Saunooke, Osley Bird
19 July 1906–15 April 1965
See also: Qualla Boundary
Osley Bird Saunooke, chief of the Eastern Band of Cherokee Indians and world heavyweight wrestling champion, was born near Cherokee, N.C., the son of an Indian father and an English mother. He was descended from a lineage of Indian chiefs for five generations. Saunooke attended Haskell Institute in Kansas, where he played tackle on the football team. He served in the U.S. Marine Corps, drove a taxicab, and worked in the wheat fields and on the railroad in the Midwest.
During the depression he began wrestling professionally and at one time weighed in at 369 pounds. He won the heavyweight title in 1937 from Thor Johnson and held it for fourteen years. After taking part in more than five thousand matches, including seventeen main events in New York City's Madison Square Garden, he retired from the ring in 1951 and returned to Cherokee to enter business.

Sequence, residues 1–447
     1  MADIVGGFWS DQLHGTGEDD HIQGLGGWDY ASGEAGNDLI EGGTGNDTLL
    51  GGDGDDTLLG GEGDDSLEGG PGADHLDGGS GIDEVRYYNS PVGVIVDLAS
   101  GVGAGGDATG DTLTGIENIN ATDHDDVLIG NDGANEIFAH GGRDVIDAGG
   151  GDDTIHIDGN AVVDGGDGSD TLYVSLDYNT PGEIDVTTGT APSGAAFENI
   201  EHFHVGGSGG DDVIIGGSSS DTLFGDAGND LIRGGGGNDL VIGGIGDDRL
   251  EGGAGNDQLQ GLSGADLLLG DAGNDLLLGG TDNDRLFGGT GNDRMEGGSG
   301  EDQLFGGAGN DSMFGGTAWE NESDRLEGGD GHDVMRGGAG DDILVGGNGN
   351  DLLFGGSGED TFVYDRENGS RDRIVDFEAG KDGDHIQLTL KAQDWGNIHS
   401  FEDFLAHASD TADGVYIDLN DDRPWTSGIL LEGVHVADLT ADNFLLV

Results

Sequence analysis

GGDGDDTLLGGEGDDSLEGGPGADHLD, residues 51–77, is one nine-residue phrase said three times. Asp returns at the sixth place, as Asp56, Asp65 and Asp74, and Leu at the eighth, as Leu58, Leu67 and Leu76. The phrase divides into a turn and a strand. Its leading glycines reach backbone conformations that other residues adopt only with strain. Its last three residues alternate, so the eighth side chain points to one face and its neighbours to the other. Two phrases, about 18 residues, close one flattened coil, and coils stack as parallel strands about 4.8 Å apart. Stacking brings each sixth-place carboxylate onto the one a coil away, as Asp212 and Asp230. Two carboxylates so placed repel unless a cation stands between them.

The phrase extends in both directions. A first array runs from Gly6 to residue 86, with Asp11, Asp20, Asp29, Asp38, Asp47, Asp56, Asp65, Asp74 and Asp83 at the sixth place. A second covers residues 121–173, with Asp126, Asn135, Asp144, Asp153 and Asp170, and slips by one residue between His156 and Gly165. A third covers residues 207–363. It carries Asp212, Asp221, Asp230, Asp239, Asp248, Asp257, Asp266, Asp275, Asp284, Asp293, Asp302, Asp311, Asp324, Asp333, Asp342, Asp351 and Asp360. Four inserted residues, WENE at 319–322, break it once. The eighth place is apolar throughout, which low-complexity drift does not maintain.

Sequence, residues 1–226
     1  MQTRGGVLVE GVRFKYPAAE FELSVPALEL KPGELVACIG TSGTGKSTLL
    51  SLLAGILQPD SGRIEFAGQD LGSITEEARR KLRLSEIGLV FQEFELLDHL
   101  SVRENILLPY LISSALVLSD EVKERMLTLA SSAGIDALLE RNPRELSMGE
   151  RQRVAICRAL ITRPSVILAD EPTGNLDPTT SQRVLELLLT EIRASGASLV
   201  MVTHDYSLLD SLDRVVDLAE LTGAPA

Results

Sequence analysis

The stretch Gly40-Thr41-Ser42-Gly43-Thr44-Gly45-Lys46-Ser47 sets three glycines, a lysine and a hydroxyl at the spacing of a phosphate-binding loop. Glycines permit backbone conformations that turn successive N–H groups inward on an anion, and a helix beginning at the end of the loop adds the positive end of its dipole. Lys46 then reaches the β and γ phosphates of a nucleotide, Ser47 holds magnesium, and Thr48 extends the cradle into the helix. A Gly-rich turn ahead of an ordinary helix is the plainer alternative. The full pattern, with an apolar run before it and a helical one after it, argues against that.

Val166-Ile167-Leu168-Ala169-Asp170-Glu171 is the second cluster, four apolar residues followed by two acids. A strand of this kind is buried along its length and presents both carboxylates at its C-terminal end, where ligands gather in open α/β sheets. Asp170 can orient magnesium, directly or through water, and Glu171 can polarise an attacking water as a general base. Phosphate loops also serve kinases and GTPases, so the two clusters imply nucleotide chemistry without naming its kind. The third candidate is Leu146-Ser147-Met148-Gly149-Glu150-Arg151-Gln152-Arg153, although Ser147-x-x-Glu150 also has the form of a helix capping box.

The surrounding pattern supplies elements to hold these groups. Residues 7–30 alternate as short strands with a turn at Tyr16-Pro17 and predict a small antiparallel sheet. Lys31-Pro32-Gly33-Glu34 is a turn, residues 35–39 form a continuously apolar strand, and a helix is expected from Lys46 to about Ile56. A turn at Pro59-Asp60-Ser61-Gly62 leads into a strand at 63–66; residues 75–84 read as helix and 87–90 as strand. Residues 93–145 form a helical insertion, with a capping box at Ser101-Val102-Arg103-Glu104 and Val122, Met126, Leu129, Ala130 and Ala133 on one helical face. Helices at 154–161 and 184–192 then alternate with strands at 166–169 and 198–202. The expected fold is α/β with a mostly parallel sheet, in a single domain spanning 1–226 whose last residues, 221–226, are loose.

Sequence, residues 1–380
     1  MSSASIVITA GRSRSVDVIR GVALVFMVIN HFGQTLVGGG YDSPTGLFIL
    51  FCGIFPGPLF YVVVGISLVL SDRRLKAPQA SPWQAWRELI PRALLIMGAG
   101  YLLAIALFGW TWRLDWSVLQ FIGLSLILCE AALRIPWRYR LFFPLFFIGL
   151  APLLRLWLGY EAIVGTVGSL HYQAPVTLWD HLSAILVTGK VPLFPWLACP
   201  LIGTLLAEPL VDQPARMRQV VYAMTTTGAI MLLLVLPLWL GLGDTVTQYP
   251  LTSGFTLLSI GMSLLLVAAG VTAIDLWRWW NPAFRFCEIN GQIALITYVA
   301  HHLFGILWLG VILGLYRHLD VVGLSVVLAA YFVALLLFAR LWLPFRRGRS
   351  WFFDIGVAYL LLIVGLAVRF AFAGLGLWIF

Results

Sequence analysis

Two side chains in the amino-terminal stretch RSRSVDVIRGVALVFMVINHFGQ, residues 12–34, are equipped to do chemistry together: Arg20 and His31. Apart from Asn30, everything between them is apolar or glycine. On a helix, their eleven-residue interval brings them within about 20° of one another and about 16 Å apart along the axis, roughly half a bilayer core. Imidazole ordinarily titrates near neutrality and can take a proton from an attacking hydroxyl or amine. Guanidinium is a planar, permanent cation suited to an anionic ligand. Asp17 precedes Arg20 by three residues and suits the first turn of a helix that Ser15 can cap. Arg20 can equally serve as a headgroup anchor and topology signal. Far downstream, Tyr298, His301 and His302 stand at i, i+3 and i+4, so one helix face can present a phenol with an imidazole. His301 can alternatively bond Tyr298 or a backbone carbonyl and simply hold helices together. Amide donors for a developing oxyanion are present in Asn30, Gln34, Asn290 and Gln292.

Saunooke served as tribal chief of the Eastern Cherokee from 1951 to 1955 and from 1959 to 1963. He also was elected vice-president of the National Congress of American Indians. Chief Saunooke is credited with developing a model Indian reservation at Cherokee, and towards this end he spent considerable time in Washington, D.C., where he promoted legislation in Congress to benefit his people. In 1935 he married Bertha Smith, and they became the parents of five children.
Asheville Citizen, 16 Apr. 1965.
Raleigh News and Observer, 29 Aug. 1954, 8 Sept. 1962.
Jenkins, Jay. "Chief Osley Saunooke." New & ObserverI (Raleigh, NC), August 29, 1954. From the vertical files of the Government & Heritage Library, State Library of North Carolina.
"Saunook[e], Chief of the Cherokees." P081, Hugh Morton Collection of Photographs and Films, North Carolina Collection Photographic Archives, Wilson Library, University of North Carolina at Chapel Hill. http://dc.lib.unc.edu/cdm/ref/collection/morton_highlights/id/1317 (accessed May 12, 2014).
1 January 1994 | Conway, Robert O.